Other members of the Crimean government rallied round Aksenov and joined the attack on Moscow. A member of Crimea's State Council (local parliament), Sergei Shuvaynik, hinted at separatism, claiming that "we did not reunite with Russia to be subjected to the same horrors we had experienced during the Ukrainian period."
The chairman of the State Council, Vladimir Konstantinov, speaking about the arrests, claimed that "Crimea came under a serious attack… [inspired by] our enemies."
Crimean government officials cite "minor mistakes" and "differences in the Ukrainian and Russian laws" as an explanation for any actions that federal prosecutors might find questionable. They also asserted that it was the federal officials and structures that were corrupt.
For instance, the chairman of the Crimean State Council on Economic, Budgetary and Taxation Policies, Vitaly Nakhlupin, argued that the claims by FRA's Igor Astakhov about missing funds were completely false. "Out of the 582.7 million rubles allocated for municipal roads we only received 277.2 million. How could we possibly produce documents for 368 million in spending if we only received 277 million?" Nakhlupin stated.
"Mr. Astakhov simply did not read the reports closely," Nakhlupin added, according to a press release on the State Council's website.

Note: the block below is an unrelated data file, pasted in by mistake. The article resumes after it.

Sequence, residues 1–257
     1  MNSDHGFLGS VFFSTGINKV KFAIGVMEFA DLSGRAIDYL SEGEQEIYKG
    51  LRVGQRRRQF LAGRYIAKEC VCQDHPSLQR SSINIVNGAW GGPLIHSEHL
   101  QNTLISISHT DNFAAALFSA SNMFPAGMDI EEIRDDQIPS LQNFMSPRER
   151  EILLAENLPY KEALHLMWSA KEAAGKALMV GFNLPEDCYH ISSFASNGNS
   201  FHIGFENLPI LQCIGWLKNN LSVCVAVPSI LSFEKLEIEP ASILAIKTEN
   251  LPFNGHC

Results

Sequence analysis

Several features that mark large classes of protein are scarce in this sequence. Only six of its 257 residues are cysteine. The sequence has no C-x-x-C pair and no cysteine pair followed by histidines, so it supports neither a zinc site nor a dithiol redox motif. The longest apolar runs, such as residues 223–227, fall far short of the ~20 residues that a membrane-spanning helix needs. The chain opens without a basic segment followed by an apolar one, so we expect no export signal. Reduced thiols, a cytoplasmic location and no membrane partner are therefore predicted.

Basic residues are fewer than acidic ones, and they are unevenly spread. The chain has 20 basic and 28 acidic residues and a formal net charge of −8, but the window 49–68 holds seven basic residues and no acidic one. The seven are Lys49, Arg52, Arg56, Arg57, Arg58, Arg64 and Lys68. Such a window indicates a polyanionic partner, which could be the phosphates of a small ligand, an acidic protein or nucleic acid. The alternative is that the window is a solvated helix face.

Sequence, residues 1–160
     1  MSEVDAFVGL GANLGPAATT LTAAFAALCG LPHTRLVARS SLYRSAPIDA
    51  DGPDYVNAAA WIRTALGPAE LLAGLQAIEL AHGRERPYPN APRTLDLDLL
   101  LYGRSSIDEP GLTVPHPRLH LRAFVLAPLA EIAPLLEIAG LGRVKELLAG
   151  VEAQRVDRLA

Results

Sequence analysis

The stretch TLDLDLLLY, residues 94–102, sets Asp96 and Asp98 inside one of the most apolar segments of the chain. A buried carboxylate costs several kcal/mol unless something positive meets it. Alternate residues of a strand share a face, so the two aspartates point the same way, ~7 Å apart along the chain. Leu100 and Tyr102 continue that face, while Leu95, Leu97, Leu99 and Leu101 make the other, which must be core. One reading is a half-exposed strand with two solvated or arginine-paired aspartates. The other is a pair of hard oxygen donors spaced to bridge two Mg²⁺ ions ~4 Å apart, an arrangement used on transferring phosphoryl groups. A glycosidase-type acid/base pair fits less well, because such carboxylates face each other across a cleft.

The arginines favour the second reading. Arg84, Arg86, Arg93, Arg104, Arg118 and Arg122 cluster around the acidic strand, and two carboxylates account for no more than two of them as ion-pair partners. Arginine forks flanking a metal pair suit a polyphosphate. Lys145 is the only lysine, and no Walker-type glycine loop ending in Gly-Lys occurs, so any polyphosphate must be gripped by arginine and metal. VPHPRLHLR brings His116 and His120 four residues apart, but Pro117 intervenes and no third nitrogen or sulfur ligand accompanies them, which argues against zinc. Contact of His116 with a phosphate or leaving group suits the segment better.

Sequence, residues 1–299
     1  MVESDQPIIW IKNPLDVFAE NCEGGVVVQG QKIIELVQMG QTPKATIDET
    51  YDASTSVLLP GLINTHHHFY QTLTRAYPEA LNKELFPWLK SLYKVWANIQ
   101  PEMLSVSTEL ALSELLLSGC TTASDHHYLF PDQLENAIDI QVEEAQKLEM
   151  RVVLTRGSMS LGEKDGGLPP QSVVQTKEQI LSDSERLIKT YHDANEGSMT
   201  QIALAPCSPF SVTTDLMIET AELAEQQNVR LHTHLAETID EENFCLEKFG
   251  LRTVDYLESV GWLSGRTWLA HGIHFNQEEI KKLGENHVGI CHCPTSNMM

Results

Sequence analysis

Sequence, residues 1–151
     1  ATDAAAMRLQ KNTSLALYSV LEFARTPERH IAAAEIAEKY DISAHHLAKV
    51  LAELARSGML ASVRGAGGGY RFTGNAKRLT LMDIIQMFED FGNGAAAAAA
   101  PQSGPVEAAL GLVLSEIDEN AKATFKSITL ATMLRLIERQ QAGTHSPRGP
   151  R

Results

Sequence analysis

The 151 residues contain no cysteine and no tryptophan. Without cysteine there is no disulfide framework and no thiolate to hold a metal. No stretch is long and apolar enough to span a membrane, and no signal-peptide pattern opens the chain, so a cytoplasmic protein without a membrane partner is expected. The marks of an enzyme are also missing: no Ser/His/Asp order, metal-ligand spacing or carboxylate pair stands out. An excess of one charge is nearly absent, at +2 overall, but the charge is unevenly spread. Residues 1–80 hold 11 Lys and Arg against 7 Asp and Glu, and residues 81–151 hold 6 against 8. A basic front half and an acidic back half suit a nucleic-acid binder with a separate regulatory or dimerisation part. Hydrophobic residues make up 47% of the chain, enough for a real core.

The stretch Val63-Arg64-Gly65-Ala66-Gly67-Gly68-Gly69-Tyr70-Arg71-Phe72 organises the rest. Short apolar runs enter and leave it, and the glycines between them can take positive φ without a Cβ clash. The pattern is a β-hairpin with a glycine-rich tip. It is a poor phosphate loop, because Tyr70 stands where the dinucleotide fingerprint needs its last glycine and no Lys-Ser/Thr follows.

Nakhlupin further charged that it is Russia's federal agencies that steal money. He offered an example where Astakhov's agency awarded 61 million rubles worth of contracts for repairing Crimea's roads to two shady federal intermediaries that did not do any work, but kept more than half of the money.
He also claimed that it was Moscow that owed Crimea. "As of today, we have not received a penny. Federal agencies owe the Republic of Crimea a total of 1.4 billion rubles," he said.
There are indications that Putin personally has intervened in the power struggle. On July 13, less than a week after ruling to establish the committee, Aksenov had to close it down. Political experts suspect that the closure followed a phone call from Putin to Aksenov.
In addition, Aksenov had to comply this week with the Putin-sanctioned idea of assigning federal deputy ministers as "representatives" (read, "overseers") of local ministries in Crimea.
Yet, also this week, Aksenov called a news conference during which he reiterated that "claims that someone [from the outside] will fire [local Crimean officials] and that I will be a puppet are an illusion. It will never happen."
"No one, except the president [Putin], will tell me what to do," he added. "I will not be pushed around and no services [likely a reference to the Federal Security Service, the FSB] can force me to change my position on anything."
He later said in an interview with the pro-Kremlin LifeNews website that behind the campaign against Crimean officials are major outside "players who regularly steal money from the [federal] budget" and who now want to establish themselves in Crimea."